17 Maltese Cross Breeds

By helloBARK!
Updated on 10 April 2020

Maltese are popular family pets.

They’re a friendly, outgoing breed that become quickly attached to their family members.

Maltese make great companion dogs as they’ll love nothing more than to be around their pet parents.

They’re a toy-sized breed so they can be quite delicate and need to be treated with care.

Maltese Bichon Frise cross (Photo: Adobe Stock)

Maltese Bichon Frise cross (Photo: Adobe Stock)

They can often be mixed with other breeds, intentionally and unintentionally, to create a hybrid with a pleasant temperament.

In this article, we will take you through 17 Maltese cross breeds.

17) Border Colltese

A Border Colltese is a cross between a Border Collie and a Maltese. They’re likely to be a very intelligent mix given the Border Collie is considered to be the smartest dog in the world. This is a rare hybrid dog. The Border Colltese is likely to have quite high energy levels. Their coat is likely to be medium to long in length, while the color will be gray, black or white. You will need to ensure your Border Colltese gets regular daily exercise to keep them mentally and physically stimulated.

16) Cav-a-malt

Cav-a-malt may sound like a hipster drink but it’s a mix between a Cavalier King Charles Spaniel and a Maltese. This cross is likely to result in a dog that likes to be around their fellow family members given both parents were bred to be companion dogs. If you’re looking for a friendly and upbeat dog, this could be the mix for you. They’ve got relatively low energy levels so a Cav-a-malt could make a great pet for seniors or people with aren’t active. They’ll usually grow to between 10 and 12 inches in height and 10 and 13 pounds in weight.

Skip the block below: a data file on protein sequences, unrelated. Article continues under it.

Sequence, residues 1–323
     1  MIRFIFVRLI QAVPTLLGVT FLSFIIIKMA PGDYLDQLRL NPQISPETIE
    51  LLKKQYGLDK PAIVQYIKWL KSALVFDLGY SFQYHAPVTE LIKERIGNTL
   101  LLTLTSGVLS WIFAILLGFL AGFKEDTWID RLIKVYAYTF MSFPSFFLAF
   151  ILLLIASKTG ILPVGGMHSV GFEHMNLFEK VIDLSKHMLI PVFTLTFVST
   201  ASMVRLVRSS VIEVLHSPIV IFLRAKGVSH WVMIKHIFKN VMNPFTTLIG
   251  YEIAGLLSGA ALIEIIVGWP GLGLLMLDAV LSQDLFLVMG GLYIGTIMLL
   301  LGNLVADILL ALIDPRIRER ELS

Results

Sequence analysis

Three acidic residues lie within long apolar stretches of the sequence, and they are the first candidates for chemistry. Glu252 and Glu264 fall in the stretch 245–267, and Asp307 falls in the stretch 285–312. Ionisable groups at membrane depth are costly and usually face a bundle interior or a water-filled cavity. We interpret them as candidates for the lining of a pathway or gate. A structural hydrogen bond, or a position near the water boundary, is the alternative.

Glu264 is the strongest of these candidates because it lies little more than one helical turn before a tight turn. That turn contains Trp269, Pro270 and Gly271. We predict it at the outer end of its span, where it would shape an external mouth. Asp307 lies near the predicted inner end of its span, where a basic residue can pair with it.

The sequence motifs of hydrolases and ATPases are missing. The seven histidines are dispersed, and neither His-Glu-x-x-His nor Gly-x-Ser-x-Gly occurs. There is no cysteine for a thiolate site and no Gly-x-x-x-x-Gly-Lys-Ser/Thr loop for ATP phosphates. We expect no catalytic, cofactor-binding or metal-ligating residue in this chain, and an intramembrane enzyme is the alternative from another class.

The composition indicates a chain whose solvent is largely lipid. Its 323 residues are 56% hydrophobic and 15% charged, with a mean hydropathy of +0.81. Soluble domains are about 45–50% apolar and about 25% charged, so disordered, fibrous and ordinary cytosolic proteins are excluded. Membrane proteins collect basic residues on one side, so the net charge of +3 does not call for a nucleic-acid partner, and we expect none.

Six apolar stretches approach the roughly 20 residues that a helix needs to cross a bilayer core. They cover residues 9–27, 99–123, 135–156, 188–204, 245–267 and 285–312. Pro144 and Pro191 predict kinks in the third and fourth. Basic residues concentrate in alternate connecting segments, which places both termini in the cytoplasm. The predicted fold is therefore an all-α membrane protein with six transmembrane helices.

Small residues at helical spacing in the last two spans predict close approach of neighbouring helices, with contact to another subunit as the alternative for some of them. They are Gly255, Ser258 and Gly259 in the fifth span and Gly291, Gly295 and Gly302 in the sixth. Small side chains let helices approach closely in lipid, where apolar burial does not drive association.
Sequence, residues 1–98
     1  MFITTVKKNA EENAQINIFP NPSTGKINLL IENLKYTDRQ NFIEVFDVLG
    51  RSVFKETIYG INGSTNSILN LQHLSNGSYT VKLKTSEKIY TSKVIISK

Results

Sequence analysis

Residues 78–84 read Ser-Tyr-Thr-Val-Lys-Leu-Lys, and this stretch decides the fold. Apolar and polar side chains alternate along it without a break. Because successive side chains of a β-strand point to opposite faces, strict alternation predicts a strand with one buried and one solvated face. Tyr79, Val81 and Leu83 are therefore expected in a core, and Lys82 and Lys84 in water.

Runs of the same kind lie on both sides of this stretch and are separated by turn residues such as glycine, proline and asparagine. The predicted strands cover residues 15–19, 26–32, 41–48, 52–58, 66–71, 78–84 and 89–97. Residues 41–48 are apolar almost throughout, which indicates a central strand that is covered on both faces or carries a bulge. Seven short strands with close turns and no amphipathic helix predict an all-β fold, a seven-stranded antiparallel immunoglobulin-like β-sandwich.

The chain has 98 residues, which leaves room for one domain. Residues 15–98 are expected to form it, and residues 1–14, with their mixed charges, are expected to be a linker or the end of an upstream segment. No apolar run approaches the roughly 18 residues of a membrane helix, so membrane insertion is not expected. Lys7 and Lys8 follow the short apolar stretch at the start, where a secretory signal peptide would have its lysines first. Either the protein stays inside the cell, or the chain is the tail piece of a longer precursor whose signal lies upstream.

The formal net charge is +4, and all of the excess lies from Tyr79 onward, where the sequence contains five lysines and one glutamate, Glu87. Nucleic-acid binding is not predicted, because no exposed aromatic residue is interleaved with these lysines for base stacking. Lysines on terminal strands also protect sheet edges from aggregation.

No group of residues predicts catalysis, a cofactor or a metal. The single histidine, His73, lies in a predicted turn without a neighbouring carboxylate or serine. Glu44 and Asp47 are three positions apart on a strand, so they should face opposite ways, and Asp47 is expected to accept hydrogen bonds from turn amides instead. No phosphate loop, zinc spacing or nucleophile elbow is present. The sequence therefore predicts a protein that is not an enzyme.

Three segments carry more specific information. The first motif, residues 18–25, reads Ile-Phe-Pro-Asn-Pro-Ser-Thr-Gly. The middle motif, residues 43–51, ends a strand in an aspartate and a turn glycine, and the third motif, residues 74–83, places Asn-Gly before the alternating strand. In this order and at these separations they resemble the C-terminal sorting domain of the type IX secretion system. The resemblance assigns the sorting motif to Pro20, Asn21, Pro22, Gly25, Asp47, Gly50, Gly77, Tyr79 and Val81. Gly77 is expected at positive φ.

15) Havamalt

Another dog that will be ideal for elderly people who won’t be able to exercise their pet a lot are Havamalts. They’re a cross between the Havanese and the Maltese breeds. These two dogs are already similar so it’s easier to predict their temperament than some other designer dogs. A Havamalt is usually affectionate, sociable and loyal to their pet parents. They’ll remain pretty small at around 9 to 12 inches in heigh and 5 to 12 pounds in height. They’ve got a range of potential coat colors, including cream, white, black, grey, brown and red.

14) Jatese

We’ve got an ancient Asian breed mixed with a mediterranean dog here. The Jatese is a cross between a Japenese Chin and a Maltese. By combining these two historical breeds, we’ve got a fine example of a companion dog on our hands. The Jatese is usually a friendly, low-energy hybrid canine. Given both breeds have well-defined facial structures, they could potentially inherit the appearance of either breed. They can have a white, pied or black coat color.

13) Malchi